EtherNet/IP, which is the implementation of the Common Industrial Protocol (CIP) over standard Ethernet, uses two types of messaging between devices: explicit messaging for data that is purely informational, and implicit messaging for time-critical data.
All four industrial networks that use CIP at the application layer — EtherNet/IP, DeviceNet, ControlNet, and CompoNet — support explicit and implicit messaging.
Explicit messaging for information exchange
Explicit messaging treats each communication between devices as a separate query and response. Each request contains explicit information that the receiving device, or node, decodes and responds to, and each request must include a source address, a destination address, and a CIP ConnectionID. Explicit messages are transmitted by TCP (Transmission Control Protocol), and because every message includes destination, source, and connection information, explicit messaging is less efficient than implicit messaging, but it offers a high degree of flexibility.
Explicit messages can be sent by the client (a controller or HMI, for example) at any time, and the server (a field device, such as a servo drive) can respond when it is available. Therefore, explicit messaging is used only for information that is not time-critical, such as diagnostic or configuration data.
Implicit messaging for real-time control
When time-critical information needs to be exchanged, EtherNet/IP uses implicit messaging. In this messaging format, a control device (such as a PLC) establishes a connection — referred to as a “CIP connection” — with an adapter device (such as an actuator) at the outset, and the information to be exchanged is identified when the connection is established. ConnectionIDs are also assigned at that time, and the meaning of the data is implicitly defined by the ConnectionID. Implicit messages are produced and consumed at a rate — referred to as the requested packet interval (RPI) — defined by a predetermined “trigger” mechanism, which can be cyclic, change-of-state, or application-based.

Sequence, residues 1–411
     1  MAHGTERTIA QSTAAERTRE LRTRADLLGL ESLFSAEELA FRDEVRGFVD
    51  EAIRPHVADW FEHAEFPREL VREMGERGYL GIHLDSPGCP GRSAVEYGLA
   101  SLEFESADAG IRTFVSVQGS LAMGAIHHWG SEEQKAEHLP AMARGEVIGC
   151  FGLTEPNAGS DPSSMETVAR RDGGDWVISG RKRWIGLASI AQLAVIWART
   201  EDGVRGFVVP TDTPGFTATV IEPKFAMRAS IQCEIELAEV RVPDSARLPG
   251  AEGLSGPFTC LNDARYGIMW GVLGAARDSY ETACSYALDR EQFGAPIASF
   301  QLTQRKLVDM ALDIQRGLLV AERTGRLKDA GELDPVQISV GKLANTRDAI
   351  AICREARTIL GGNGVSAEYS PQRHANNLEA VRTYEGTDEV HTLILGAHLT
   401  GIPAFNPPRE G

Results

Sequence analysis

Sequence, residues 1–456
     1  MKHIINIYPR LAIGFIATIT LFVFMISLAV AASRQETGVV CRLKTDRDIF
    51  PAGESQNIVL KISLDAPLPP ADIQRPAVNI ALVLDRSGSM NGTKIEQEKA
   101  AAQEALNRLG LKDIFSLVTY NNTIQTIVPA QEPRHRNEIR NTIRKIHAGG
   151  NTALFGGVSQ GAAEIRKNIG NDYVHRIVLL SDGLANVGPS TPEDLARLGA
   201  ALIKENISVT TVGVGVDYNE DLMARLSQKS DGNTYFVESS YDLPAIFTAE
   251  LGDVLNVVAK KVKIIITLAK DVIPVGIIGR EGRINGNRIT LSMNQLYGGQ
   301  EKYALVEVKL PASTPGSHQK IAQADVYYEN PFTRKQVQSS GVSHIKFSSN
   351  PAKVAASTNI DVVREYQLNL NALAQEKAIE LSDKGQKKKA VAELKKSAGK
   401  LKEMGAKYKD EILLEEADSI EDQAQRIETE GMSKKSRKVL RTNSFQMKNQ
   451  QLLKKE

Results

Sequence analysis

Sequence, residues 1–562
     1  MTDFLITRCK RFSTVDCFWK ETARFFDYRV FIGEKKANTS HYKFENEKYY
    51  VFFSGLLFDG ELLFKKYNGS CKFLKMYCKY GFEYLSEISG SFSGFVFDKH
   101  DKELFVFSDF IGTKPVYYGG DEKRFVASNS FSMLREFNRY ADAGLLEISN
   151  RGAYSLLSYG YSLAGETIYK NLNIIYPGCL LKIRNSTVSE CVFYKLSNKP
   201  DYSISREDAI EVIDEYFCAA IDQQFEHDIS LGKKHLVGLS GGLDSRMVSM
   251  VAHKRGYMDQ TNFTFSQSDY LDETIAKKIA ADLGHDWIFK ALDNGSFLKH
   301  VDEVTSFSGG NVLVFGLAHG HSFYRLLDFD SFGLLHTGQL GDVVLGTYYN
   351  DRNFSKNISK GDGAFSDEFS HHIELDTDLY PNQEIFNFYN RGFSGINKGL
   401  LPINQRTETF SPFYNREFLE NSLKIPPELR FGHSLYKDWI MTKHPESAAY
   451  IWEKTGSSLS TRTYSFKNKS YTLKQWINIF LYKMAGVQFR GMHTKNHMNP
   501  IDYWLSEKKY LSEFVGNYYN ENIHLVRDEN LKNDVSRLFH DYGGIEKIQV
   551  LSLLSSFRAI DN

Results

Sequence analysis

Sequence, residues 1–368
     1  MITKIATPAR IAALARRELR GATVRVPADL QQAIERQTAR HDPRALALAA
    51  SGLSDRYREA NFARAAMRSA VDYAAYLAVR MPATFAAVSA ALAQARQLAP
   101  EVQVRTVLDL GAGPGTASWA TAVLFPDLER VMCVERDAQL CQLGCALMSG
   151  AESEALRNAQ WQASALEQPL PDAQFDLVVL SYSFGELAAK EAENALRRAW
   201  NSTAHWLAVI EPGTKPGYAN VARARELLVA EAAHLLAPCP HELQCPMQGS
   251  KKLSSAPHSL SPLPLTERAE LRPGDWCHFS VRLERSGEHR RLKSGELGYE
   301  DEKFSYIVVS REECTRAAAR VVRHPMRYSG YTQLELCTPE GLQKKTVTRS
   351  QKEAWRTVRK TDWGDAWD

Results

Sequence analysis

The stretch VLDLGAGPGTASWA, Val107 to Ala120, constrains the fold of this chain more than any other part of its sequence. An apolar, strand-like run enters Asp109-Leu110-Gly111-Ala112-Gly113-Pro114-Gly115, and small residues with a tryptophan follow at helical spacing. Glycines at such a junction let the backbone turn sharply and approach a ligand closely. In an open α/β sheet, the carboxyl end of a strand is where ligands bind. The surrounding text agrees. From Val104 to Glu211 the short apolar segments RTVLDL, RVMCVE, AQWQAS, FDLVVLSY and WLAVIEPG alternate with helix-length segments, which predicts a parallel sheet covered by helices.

Implicit messages are transported via UDP (User Datagram Protocol), which allows the network to use the producer-consumer transmission model, in which one producer sends a single message to many consumers. Because each individual message doesn’t need to include extensive information about its meaning, implicit messaging has less “overhead” and is more efficient than explicit messaging.
Implicit messaging is used for application-specific, time-critical data, typically in real-time control applications where fast transmission speed and low latency are paramount. (Latency is the amount of time between an event and the system’s response to the event.) Implicit messaging is sometimes referred to as “I/O messaging” because it’s often used in remote I/O applications, but there are other functions that require implicit messaging as well, such as scheduled communications between controllers.
EtherNet/IP device terminology
The ODVA — the organization responsible for CIP and its implementations, including EtherNet/IP — classifies EtherNet/IP devices as follows:
For explicit messaging, devices that initiate communications are referred to as “clients,” and devices that respond to those communications are referred to as “servers.”
For implicit messaging, devices that initiate communications are referred to as “scanners,” and devices that respond to those communications are referred to as “adapters.”
However, in some cases, the terms for implicit and explicit devices are used interchangeably. And although outside the scope of ODVA classifications, some people refer to devices that initiate communications as “masters” and devices that respond to those communications as “slaves.”